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Chow groups are finite dimensional, in some sense. (English) Zbl 1067.14006
Let \(A_{*}(X)\) denote the Chow group of \(*\)-dimensional cycles of an algebraic variety \(X\) with rational coefficients and \(A_{*}(X)_{\mathbb Z}\) be the corresponding Chow group with integer coefficients. For a curve \(C\), the degree \(0\) part of \(A_{0}(C)_{\mathbb Z}\) is represented by the Jacobian variety which is a finite dimensional object. This is no longer the case for the surfaces. D. Mumford [J. Math. Kyoto Univ. 9, 195–204 (1968; Zbl 0184.46603)] proved that if \(S\) is a surface with \(p_{g}(S)>0\) then the group \(A_{0}(S)\) cannot be represented by a finite dimensional variety. The author suggests a new definition of “finite dimensionality” of Chow groups. Let \(K\) denote the kernel of the Albanese map \(\text{alb}: A_{0}(S)\rightarrow \mathbb Z\oplus \text{Alb}(S).\) Let \(S\) be the product of two smooth nonrational curves. Although \(K\) is infinite dimensional in the sense of Mumford the author proves the following
Theorem 1.2. Assume that the base field is algebraically closed. Let \(c_{1},\dots c_{n}\) be cycles in the Albanese kernel in \(A_{0}(X),\) where \(X\) is a product of two curves. When \(n\) is larger than \(4p_{g}(x)\), then \(c_{1}\wedge\cdots\wedge c_{n}=0.\) Here \(c_{1}\wedge\cdots\wedge c_{n}=\sum_{\sigma\in S_n}\frac{{\text{sgn}}(\sigma)}{n!} c_{\sigma (1)}\times \dots \times c_{\sigma (n)}\in A_{*}(X\times \cdots \times X ).\) The theorem shows that there are finitely many “linearly independent” cycles in \(K.\) For a curve \(C\) the author proves the following theorems.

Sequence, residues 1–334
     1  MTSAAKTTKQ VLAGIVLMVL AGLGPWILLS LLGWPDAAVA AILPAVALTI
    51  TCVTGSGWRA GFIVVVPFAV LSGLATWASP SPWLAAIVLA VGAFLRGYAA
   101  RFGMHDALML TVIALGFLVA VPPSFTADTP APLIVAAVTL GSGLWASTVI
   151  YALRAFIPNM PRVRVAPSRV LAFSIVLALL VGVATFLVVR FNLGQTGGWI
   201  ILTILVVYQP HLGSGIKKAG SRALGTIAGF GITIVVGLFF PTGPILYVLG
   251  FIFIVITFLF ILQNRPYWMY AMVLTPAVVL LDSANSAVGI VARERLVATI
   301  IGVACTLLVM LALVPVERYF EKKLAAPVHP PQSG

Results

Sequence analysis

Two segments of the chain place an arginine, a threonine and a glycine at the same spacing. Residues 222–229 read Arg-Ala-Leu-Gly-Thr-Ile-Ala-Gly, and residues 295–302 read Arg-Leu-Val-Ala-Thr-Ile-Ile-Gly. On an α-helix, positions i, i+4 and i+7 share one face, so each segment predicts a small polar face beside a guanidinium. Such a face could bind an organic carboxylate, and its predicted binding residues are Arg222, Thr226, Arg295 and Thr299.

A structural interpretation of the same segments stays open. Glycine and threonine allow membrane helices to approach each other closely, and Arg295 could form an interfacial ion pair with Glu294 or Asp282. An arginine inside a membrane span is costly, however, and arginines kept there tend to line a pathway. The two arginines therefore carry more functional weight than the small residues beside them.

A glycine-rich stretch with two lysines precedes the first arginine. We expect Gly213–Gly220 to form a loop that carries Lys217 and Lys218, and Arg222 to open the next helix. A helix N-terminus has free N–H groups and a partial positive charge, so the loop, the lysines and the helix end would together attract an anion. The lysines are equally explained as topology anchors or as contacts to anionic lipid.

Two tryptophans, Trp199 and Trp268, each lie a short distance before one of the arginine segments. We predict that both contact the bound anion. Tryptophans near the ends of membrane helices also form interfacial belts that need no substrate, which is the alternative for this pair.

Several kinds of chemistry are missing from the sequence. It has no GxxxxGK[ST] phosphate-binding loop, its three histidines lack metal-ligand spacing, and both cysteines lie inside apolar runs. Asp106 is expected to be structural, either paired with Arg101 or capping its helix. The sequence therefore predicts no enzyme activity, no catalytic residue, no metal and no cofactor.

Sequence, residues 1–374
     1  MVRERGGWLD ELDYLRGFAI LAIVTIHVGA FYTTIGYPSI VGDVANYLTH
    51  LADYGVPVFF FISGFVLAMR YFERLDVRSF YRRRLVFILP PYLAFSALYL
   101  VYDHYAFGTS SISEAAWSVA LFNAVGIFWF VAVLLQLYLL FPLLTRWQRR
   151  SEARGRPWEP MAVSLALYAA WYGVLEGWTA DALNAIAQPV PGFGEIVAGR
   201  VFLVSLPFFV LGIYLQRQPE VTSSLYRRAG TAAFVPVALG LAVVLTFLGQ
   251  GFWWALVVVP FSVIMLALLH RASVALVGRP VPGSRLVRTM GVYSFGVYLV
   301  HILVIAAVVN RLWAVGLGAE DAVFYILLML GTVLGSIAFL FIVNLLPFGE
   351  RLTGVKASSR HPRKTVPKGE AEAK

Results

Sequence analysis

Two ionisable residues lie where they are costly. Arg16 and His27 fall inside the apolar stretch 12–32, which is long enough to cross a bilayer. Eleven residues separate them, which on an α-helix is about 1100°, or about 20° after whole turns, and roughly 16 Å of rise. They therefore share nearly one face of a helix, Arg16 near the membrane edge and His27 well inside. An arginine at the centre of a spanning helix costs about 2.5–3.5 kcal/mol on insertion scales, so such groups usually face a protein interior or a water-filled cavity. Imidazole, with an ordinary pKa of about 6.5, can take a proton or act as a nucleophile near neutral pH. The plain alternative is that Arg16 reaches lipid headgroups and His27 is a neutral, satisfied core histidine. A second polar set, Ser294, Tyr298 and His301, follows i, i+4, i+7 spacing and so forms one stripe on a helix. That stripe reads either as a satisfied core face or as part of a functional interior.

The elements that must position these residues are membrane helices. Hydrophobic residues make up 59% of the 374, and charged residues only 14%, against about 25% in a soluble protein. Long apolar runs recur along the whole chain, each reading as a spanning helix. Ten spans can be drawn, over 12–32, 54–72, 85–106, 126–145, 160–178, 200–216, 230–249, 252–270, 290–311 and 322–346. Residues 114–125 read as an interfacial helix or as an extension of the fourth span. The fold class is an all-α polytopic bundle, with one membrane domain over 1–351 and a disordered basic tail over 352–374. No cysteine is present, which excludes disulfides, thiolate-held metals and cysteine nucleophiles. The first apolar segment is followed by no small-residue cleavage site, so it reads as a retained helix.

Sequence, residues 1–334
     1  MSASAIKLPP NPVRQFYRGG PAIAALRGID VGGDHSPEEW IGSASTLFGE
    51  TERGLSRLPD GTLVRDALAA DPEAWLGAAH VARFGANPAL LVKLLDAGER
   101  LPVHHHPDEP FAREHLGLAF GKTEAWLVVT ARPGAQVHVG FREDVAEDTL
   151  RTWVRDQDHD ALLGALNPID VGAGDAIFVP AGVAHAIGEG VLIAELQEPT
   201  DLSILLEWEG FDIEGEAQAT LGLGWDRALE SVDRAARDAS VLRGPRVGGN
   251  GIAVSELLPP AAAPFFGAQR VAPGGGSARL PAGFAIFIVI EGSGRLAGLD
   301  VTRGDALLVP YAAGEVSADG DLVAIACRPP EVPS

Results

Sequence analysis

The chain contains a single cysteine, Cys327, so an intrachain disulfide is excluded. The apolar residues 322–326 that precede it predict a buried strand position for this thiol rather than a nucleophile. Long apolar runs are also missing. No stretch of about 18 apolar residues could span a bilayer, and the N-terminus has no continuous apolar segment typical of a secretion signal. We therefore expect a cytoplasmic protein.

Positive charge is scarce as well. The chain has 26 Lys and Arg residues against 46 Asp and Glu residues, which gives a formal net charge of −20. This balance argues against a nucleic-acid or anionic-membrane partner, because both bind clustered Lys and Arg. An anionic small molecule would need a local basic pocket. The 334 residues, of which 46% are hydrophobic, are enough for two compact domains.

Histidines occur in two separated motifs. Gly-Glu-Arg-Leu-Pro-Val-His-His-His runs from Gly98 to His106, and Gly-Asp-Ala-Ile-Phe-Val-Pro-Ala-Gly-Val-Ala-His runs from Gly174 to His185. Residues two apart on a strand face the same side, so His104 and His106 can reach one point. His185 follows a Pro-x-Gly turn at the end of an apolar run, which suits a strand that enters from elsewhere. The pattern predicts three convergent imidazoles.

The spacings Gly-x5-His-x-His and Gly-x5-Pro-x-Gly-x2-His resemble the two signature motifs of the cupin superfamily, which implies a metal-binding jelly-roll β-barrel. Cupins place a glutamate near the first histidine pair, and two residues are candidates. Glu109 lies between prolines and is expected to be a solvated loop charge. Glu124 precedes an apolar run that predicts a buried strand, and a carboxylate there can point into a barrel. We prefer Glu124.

Theorem 8.5. Let \(C\) be a smooth projective curve. For any \(n>0\), there exist \(0\)-cycles \(c_{1},\dots ,c_{n}\) in \(A_{*}(C)\) such that \(c_i\)’s have degree \(0\) and \(c_{1}\wedge\cdots\wedge c_{n}\neq 0\)
Theorem 1.5. Let \(C\) be a smooth projective curve and \(n>2g(C).\) If \(c_{1},\dots ,c_{n}\in A_0 (C)\) are \(0\)-cycles with degree \(0\) then \(\text{Sym}( c_{1},\dots ,c_{n})=0.\)
For algebraic cycles \(c_{1},\dots ,c_{n}\in A_* (X)\), \(\text{Sym}( c_{1},\dots ,c_{n})= \sum_{\sigma\in S_n}\frac{1}{n!} c_{\sigma (1)}\times \dots \times c_{\sigma (n)}\) holds.

14C15 (Equivariant) Chow groups and rings; motives
14C25 Algebraic cycles
Full Text: DOI
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